4 Types of Questions You Should be Asking Your Students - History Gal

4 Types of Questions You Should be Asking Your Students

by History Gal

I have always heard 'There are no stupid questions.' While this may be true, there definitely are ill-timed questions asked in your class. And, it's not what you are thinking. The ill-timed questions don't come from our students, but from us.

We all know the importance of 'wait time' before calling on a student and we usually remember to avoid leading a question with a student’s name so the other students don't zone out. But, beyond that, we should be purposeful in the questions we pose to our students.

There are four types of questions and the type of the answer you are hoping for is dictated by the type of question:

Do you want to spark student interest and curiosity? Then, you ask a hook or preview question.

Is there a definite correct answer to your question? Then, you ask a leading question that directs students to that answer.

Are there multiple possible answers? Then, you need to ask a guiding question.

Do you want to promote critical higher level thinking? Then, you need to ask an essential question (EQ).

These types of questions are often used as a lesson opener. They can use “kid” language. Hook questions can be clever or amusing to activate curiosity, questions, and even discussions. New vocabulary can actually make interesting hook questions because the answers are from the students’ personal prior knowledge, not prior academic knowledge. There are no correct answers to hook questions so they are not judgmental or threatening. Hook questions usually start with “What do you think …?” These questions are only asked once or twice at the beginning of the unit.

My favorite example of a hook or preview question was from the day we started statistics in my 5th grade math class. I asked: “What do you think range, mean, median and mode mean?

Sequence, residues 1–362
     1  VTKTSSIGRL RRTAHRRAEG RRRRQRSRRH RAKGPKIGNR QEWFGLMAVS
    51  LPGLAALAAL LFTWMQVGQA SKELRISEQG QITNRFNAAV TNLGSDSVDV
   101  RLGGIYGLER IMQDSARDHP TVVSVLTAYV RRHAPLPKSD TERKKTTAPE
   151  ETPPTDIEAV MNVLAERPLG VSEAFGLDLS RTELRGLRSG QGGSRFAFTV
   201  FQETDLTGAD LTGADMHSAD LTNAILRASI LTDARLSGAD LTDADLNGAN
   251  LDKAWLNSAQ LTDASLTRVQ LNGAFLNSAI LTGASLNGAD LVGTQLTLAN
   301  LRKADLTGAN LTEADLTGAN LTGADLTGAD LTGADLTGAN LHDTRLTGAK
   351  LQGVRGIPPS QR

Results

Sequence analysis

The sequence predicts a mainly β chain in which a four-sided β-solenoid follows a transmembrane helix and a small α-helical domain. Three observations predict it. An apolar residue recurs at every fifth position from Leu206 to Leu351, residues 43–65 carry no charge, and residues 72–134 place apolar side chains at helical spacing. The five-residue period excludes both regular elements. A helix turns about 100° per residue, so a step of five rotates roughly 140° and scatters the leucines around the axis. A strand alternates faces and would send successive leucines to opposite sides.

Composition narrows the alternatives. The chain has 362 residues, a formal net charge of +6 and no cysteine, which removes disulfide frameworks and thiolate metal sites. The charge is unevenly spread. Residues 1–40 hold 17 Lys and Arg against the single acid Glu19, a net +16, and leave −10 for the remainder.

The answers I heard were:
Range: where the deer and the antelope play; where Mom cooks; that box on a map that tells you how tall the land is.
Mean: someone that is not nice; it has something to do with my grade but I don’t know what
Median: where the cops sit
Mode: it has something to do with pie and ice cream

Needless to say, we had a good chuckle, but it was a perfect segue into finding out exactly what those words do mean in math.

Leading questions do just that – they lead your students to discreet correct answers. Since leading questions activate recall and the finding of information from a text book, lecture or notes, you would not use a leading question to hook your students’ interest. They require very little or no justification. Leading questions are only asked until the correct answer is given. 

Some examples of leading questions are:
Who was president during the Industrial Revolution?
What was the Treaty of Versailles?
When did the Crimean War take place?
Where did Charles Lindbergh land?
Why did Richard Nixon resign from the presidency?
How did the United States acquire the Oregon Territory?

Guiding questions direct students to a deeper response that requires more thought, examination, and research before answering. Students will need background knowledge and research skills to determine the answer. Answers will be longer than hook and leading questions since they require an explanation and evidence/support for the answer. Guiding questions can be revisited throughout the unit of study.

Some examples of guiding questions are:
Prior to the attack on Pearl Harbor, in what ways did the U.S. try to avoid going to war?
When does a recession become a depression?
Why isn’t a monarchy a dictatorship?
What caused the Age of Exploration?
Why do we have the Bill of Rights?
Why did Native American cultures differ across North America?

Thinking or Essential questions are the ultimate type of questions. These are the “big” questions that can carry an entire unit of study and be revisited throughout the school year because the answers can change as new information is acquired. EQs are questions that cause students to continue to explore and examine a topic so they come to a meaningful understanding of the key ideas and concepts. They raise more questions and can initiate discussions and debate. EQs require justification and support.

Some examples of EQs are:
How does where you live affect how you live?
How do governments get and use power?
What is independence?
Do wars have to be fought?
How has immigration shaped our nation?
Why does racial prejudice still exist?

If you would like a great source of essential questions visit the EQ Exchange for lists of user generated essential questions, GlobalDigital Citizen Foundation's list of essential questions for each subject, or read the preview of ASCD's Essential Questions book.
So, there really is a right time or wrong time to ask a particular question.

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